Imminent, Eminent and Immanent

via Dictionary.com

Though these three words may sound exasperatingly similar, they have three very different meanings. When something is imminent, it is destined to happen e.g. “the imminent sunset.” Eminent can refer to a person of high rank or repute: “an eminent king,” or anything that noticeably pokes out like “an eminent nose.” But when something is immanent it is inherent or inborn. Will your immanent linguistic eminence shine through when you use these words correctly? Of course, it’s imminent!

Examples:

A breakthrough in the peace talks is imminent.

The eminent senator was greeted by a standing ovation upon his return.

The protections of liberties is immanent in constitutional arrangements.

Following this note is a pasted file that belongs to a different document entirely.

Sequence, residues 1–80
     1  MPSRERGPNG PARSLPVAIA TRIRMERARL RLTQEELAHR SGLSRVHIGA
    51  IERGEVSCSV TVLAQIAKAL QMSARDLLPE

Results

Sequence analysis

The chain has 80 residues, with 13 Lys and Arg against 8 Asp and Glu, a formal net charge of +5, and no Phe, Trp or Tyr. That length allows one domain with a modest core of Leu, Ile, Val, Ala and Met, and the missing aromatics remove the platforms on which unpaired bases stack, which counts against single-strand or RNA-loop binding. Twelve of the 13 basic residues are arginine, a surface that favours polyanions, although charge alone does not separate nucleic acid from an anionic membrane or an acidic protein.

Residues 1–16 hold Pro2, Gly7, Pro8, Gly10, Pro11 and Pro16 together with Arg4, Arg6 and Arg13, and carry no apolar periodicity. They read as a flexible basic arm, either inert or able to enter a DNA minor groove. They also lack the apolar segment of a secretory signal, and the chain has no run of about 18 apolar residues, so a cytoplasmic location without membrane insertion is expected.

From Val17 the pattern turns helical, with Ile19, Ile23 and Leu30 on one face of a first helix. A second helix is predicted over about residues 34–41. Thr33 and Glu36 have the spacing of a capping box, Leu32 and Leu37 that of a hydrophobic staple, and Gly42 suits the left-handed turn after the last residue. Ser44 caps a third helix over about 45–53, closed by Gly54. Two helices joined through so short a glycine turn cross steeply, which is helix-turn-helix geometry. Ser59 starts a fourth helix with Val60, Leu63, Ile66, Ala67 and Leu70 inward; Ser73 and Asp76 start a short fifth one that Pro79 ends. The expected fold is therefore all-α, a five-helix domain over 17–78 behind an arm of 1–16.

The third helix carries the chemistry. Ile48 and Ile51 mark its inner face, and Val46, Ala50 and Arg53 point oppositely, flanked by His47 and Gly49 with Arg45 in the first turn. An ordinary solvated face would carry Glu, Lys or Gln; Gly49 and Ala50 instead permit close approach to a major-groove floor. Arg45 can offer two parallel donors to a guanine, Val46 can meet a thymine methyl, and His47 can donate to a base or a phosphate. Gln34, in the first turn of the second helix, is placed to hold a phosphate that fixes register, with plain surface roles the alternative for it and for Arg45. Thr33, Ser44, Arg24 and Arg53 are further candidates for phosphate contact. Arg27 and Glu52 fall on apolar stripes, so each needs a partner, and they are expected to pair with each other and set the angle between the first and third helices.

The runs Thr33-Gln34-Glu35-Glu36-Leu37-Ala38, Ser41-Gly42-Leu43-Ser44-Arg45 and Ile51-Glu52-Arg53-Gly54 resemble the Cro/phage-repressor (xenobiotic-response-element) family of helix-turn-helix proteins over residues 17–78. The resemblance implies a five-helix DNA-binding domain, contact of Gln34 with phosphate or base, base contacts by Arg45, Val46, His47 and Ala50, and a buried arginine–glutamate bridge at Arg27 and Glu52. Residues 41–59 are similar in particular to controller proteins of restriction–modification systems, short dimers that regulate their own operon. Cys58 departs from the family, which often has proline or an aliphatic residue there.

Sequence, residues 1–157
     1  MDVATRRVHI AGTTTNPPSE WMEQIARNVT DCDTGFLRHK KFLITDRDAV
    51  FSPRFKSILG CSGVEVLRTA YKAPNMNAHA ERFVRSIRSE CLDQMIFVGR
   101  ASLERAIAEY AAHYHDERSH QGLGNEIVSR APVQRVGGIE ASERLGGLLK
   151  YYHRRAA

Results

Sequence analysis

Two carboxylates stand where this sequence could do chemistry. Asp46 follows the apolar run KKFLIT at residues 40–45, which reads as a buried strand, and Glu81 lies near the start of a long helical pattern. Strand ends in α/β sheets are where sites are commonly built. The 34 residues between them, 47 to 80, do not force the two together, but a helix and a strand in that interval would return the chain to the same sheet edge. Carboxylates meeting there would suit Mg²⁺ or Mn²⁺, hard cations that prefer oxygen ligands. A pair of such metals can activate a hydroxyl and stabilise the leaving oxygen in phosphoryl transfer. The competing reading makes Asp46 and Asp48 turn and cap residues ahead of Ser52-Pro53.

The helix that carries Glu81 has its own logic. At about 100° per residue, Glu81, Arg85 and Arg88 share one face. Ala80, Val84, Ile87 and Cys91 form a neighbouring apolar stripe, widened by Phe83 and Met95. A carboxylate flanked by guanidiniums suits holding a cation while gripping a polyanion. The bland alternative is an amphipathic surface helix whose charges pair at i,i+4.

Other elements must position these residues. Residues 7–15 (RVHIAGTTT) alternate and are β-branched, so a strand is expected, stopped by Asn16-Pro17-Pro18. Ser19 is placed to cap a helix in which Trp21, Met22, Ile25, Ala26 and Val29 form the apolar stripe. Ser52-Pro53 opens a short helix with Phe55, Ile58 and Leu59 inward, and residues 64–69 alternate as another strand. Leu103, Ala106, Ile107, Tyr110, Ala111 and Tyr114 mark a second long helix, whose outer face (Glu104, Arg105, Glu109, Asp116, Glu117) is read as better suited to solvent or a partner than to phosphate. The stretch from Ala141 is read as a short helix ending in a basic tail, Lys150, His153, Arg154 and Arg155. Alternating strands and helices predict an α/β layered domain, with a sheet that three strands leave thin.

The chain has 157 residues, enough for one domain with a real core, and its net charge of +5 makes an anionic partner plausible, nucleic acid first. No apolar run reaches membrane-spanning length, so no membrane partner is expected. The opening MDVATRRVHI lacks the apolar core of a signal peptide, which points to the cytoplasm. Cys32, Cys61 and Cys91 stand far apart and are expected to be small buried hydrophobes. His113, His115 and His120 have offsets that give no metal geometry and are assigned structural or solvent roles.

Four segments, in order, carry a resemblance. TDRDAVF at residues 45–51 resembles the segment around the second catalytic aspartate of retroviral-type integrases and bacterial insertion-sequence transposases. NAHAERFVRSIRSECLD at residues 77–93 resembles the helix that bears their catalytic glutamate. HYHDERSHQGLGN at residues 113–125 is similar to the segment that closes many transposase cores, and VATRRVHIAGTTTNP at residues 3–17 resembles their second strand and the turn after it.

(#31WriteNow day 26)

Advertisements

Leave a Reply

Fill in your details below or click an icon to log in:

WordPress.com Logo

You are commenting using your WordPress.com account. Log Out / Change )

Twitter picture

You are commenting using your Twitter account. Log Out / Change )

Facebook photo

You are commenting using your Facebook account. Log Out / Change )

Google+ photo

You are commenting using your Google+ account. Log Out / Change )

Connecting to %s